A1C variability predicts incident cardiovascular events, microalbuminuria, and overt diabetic nephropathy in patients with type 1 diabetes.

  1. Johan Wadén1,2,
  2. Carol Forsblom1,2,
  3. Lena M Thorn1,2,
  4. Daniel Gordin1,2,
  5. Markku Saraheimo1,2,
  6. Per-Henrik Groop (per-henrik.groop{at}helsinki.fi)1,2 and
  7. on behalf of the FinnDiane Study group
  1. 1Folkhälsan Institute of Genetics, Folkhälsan Research Center, Helsinki, Finland
  2. 2Department of Medicine, Division of Nephrology, Helsinki University Central Hospital, Helsinki, Finland

    Abstract

    Objective. Recent data from the Diabetes Control and Complications Trial (DCCT) indicated that A1C variability is associated with the risk of diabetic microvascular complications. These results might, however, have been influenced by the interventional study design. Therefore, we investigated the longitudinal associations between A1C variability and diabetic complications in patients with type 1 diabetes in the observational Finnish Diabetic Nephropathy (FinnDiane) Study.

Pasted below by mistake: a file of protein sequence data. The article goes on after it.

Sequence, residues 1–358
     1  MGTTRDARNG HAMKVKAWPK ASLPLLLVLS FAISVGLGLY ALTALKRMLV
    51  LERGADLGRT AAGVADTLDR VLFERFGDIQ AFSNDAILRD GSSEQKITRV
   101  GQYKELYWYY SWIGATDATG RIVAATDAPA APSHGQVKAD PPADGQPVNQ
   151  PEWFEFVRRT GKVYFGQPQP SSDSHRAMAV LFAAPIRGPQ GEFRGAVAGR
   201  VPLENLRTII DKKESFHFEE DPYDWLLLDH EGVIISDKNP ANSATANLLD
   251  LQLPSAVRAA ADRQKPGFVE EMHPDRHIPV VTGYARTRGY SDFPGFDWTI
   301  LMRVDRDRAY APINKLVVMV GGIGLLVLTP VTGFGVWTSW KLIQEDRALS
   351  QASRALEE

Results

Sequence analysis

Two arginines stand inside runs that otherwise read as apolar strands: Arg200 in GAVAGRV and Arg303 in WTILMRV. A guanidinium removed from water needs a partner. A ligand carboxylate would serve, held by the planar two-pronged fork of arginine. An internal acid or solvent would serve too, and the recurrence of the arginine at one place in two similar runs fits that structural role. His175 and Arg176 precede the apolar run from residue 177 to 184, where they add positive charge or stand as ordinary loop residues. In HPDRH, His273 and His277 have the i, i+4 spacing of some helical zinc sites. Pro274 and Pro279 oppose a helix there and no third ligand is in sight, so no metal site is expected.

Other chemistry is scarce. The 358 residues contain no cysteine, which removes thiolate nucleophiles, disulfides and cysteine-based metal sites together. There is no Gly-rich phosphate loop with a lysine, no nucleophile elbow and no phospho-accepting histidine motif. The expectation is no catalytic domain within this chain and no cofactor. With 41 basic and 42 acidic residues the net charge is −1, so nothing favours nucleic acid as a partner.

Research design and methods. A total of 2107 patients in the FinnDiane Study had complete data on renal status and serial measurements of A1C from baseline to follow-up (median 5.7 years), and 1845 patients had similar data on cardiovascular events (CVD). Intra-personal standard deviation (SD) of serially measured A1C was considered a measure of variability.

    Results. During follow-up, 10.2% progressed to a higher albuminuria level or to end-stage renal disease, while 8.6% had a CVD event. The SD of serial A1C was 1.01 vs. 0.75 (P<0.001) for renal status, and 0.87 vs. 0.79 (P=0.023) for CVD, in progressors vs. non-progressors, respectively. In a Cox regression model, SD of serial A1C was independently associated with progression of renal disease (HR, 95% CI: 1.92, 1.49-2.47) and of a CVD event (2.00, 1.41-2.82) even when adjusting for mean A1C and traditional risk factors. Interestingly for CVD, mean serial A1C itself was not predictive even though SD of A1C was.

    Conclusions. In patients with type 1 diabetes, A1C variability was not only predictive of incident microalbuminuria and progression of renal disease, but also of incident CVD events.

    Footnotes

      • Received May 8, 2009.
      • Accepted July 14, 2009.

    This Article

    1. Diabetes
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